Sundance’s New Frontier program takes attendees on wild ride along the boundary of tech and art |

Sundance’s New Frontier program takes attendees on wild ride along the boundary of tech and art

Nan Chalat Noaker
Park Record contributor
The New Frontier selection “Persuasion Machines” by Karim Amer and Guvenc Ozel helps attendees visualize how smart devices can turn one’s living room into a portal for big data.
Courtesy of Sundance Institute
Sundance Film Festival's New Frontier vital info

The exhibitions, films and performances at New Frontier at the Ray, 1768 Park Ave., require tickets.

New Frontier Central, 950 Iron Horse Drive, is open to credential holders.

Spaced Out at the Sheraton Hotel (Festival HQ) is open to credential holders.

For additional information about New Frontier films and performances, click here.

For additional information about the 2020 New Frontier exhibitions, click here.

With 244 films being screened in 16 theaters, along with innumerable panels and parties, the Sundance Film Festival has a lot of moving parts, but one of its most complex and ambitious segments, arguably, is the New Frontier program. 

While some of the New Frontier selections will be shown on traditional screens in front of a seated audience, most require some sort of high-tech equipment including specialized headsets, swiveling chairs and/or darkened cubicles where attendees can move about, wearing haptic body wear. This year, one piece even asks adventurous participants to dive into a swimming pool wearing waterproof headsets.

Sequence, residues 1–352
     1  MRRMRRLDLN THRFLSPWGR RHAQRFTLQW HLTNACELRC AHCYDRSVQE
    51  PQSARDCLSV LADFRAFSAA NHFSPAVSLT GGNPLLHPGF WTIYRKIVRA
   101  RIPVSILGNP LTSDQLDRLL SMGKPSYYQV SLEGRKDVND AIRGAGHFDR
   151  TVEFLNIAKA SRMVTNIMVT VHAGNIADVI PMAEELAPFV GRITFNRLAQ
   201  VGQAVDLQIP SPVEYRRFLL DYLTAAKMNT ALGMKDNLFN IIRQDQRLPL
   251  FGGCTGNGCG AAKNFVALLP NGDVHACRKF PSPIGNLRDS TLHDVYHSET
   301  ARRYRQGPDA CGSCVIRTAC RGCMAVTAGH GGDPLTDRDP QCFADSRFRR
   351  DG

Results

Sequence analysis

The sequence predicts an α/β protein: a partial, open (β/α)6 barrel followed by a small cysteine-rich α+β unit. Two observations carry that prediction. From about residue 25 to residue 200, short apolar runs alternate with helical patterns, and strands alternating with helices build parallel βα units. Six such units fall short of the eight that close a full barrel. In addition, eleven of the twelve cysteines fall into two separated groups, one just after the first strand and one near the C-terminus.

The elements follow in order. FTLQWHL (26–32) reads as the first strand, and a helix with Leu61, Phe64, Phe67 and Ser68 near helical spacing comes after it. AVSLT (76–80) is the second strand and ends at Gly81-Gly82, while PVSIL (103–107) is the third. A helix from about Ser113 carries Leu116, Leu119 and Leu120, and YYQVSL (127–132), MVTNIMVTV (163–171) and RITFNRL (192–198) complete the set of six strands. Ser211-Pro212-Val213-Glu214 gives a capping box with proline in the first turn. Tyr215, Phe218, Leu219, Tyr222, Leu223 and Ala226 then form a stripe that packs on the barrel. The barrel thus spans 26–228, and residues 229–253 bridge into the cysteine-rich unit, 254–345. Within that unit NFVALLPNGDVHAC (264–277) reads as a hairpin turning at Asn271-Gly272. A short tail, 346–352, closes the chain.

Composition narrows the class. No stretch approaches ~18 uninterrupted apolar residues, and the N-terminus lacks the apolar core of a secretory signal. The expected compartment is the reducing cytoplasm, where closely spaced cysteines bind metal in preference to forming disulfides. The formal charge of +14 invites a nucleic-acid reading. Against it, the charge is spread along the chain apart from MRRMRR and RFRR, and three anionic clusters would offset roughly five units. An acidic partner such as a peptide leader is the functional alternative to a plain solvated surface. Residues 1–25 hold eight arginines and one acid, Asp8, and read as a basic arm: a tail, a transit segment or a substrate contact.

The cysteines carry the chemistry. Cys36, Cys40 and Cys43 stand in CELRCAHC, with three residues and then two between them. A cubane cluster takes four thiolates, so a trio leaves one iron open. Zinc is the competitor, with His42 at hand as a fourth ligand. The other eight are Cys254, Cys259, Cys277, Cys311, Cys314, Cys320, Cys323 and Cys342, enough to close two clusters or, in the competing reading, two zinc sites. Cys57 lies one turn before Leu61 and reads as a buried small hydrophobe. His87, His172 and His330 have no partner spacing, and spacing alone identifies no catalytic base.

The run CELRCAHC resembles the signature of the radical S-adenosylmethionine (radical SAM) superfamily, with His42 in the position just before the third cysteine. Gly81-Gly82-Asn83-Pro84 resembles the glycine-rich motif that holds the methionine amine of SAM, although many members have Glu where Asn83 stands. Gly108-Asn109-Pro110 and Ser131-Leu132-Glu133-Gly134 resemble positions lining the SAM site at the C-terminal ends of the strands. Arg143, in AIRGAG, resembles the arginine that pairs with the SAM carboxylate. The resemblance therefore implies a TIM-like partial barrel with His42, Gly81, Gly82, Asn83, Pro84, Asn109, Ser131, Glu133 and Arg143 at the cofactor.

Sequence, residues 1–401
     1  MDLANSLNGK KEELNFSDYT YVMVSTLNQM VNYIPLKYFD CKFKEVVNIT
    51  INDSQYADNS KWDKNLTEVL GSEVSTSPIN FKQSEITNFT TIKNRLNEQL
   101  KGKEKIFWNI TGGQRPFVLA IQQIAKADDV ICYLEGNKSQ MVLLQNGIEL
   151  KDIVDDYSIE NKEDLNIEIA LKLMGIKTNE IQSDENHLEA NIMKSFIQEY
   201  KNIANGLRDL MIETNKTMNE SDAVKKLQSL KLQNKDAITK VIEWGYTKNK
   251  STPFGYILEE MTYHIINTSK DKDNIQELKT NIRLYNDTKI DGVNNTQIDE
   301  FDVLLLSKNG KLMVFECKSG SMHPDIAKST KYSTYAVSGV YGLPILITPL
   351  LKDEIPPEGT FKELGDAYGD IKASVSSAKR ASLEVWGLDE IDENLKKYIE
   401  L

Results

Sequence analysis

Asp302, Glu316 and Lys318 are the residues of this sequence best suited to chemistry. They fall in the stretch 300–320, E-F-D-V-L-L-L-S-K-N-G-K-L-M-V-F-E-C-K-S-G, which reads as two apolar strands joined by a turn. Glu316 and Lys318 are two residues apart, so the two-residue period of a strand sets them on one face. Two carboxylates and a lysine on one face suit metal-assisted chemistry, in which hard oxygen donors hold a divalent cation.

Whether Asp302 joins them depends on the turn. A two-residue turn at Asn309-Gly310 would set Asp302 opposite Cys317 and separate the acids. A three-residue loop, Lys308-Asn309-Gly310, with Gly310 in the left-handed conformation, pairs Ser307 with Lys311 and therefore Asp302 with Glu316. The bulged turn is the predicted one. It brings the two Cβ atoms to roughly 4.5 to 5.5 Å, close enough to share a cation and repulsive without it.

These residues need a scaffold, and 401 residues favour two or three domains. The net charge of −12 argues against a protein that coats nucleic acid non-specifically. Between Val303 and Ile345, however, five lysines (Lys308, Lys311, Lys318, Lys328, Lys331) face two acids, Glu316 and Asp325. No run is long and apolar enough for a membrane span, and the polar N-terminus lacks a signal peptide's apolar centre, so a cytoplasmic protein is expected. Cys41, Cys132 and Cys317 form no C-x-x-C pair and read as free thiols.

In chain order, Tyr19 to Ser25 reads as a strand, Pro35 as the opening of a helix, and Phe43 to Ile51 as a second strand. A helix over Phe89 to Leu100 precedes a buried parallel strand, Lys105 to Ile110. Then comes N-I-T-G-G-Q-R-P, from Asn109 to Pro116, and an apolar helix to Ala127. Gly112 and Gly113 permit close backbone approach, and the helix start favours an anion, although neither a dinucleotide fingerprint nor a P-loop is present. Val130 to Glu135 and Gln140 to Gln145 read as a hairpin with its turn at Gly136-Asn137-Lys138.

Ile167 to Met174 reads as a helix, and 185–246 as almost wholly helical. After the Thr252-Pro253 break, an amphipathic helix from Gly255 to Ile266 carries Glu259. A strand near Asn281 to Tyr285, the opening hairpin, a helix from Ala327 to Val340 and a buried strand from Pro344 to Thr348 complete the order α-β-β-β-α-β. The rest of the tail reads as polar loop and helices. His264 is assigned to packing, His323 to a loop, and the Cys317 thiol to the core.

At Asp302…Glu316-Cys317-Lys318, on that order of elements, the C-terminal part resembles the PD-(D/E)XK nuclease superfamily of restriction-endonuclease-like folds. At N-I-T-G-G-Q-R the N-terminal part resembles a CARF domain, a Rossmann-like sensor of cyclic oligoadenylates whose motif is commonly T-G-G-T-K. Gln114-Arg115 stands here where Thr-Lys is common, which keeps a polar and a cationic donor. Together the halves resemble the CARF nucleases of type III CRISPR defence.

The wizard in charge of coordinating this magic kingdom of alternate realities is Shari Frilot, senior programmer and chief curator of the New Frontier program since its inception in 2007. For the last 13 years, Frilot has trotted around the globe mapping the ever-evolving boundaries of art and technology — and her enthusiasm hasn’t faded. 

“This year I saw more projects than ever before and they are all amazing,” she said in a recent phone interview.

Frilot came across the underwater project while serving on a panel at a virtual reality conference in Switzerland. She explained that docents at the Sheraton Park City hotel pool will help swimsuit-attired attendees don space simulator headsets and snorkels — then they will experience the sensation of traveling through space to the moon. 

“It is a very surreal, very beautiful experience that wouldn’t be possible without being underwater,” she said. The selection is entitled “Spaced Out” and was created by Pyaré, an artist from France.

Another notable New Frontier selection, “Sandlines, the Story of History,” hails from Iraq. Creator Francis Alÿs recruits Iraqi children to enact scenes from their country’s turbulent history. 

According to Frilot, Alÿs is a Belgian-born contemporary artist who currently lives in Mexico City and travels the world making conceptual work. 

“He casts children to tell really complicated, complex stories in a poetic way,” she said. “This is his latest piece and he is excited to show it here.”